Is being a less-than stellar parent a crime? The Washington County District Attorney thinks so. Earlier this week the Oregon Court of Appeals threw out a conviction for Criminal Mistreatment in the First Degree here. The case was the result of a household dog biting a child on a number of occasions. While certainly not a model for good parenting skills, was this a crime?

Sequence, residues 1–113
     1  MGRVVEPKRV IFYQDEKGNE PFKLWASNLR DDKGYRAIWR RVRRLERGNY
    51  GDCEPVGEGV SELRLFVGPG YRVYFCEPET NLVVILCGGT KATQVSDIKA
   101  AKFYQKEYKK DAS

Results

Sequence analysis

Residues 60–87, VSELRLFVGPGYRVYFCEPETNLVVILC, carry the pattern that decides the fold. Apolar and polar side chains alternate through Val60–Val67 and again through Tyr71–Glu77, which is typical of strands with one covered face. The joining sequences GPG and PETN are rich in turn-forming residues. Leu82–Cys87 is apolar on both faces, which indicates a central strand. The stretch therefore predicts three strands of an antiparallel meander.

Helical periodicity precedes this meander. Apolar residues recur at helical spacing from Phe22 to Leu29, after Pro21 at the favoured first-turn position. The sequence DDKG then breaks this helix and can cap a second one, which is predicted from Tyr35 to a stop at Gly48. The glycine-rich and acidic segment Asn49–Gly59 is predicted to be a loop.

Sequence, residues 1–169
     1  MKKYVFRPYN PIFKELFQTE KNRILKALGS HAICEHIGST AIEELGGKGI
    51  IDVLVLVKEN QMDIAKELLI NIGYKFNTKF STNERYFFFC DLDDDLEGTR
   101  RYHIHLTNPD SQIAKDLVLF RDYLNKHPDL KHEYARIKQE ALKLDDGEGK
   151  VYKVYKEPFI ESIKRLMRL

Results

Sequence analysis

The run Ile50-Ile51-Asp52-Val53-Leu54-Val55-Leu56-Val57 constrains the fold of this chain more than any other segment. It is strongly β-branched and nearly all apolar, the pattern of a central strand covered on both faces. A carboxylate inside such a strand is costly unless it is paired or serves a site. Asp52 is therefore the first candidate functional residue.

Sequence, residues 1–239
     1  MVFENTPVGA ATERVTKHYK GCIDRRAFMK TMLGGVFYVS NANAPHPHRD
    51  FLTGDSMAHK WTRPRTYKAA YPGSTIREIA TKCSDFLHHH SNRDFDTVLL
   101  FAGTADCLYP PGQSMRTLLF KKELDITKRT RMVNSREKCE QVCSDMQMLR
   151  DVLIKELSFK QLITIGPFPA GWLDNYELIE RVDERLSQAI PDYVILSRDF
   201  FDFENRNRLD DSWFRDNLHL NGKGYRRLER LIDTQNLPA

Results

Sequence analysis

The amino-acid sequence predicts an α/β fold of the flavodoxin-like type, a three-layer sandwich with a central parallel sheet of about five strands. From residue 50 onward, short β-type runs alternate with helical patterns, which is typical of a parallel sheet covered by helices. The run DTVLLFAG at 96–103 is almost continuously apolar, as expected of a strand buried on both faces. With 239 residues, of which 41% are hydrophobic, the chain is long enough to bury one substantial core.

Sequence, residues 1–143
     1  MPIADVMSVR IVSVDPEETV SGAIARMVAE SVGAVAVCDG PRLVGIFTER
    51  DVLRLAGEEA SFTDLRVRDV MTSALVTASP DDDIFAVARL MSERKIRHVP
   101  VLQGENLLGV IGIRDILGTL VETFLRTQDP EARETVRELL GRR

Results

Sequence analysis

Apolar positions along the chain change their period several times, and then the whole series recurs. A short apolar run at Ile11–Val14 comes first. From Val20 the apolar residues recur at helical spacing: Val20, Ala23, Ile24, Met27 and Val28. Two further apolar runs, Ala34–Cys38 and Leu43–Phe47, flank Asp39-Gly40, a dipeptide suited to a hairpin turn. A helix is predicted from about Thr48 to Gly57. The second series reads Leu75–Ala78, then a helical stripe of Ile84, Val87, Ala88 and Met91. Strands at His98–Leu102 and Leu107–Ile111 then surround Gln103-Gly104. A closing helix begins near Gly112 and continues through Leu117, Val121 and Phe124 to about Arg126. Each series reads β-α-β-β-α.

Under Oregon law a person commits the crime of burglary when they: 1) Enter or remain unlawfully in a building or residence, 2) with the intent to commit a crime therein. Most people think of burglary as breaking into a building for the purpose of stealing something. However burglary under Oregon law covers a much wider range of conduct. Unlawful entry cases arise when a person enters premises without the consent or authorization of the owner. A person remains unlawfully when, after entering with permission, they fail to leave after such permission expires or is revoked. It is often said that in either case, an unlawful entry or an unlawful remaining, that a burglary conviction requires a criminal trespass for the purpose of committing a crime. What then is required for criminal trespass you might ask? Confusingly Oregon law defines criminal trespass as (did you guess it?) to "enter or remain unlawfully." It is this circular definition that is at the heart of much of the burglary confusion.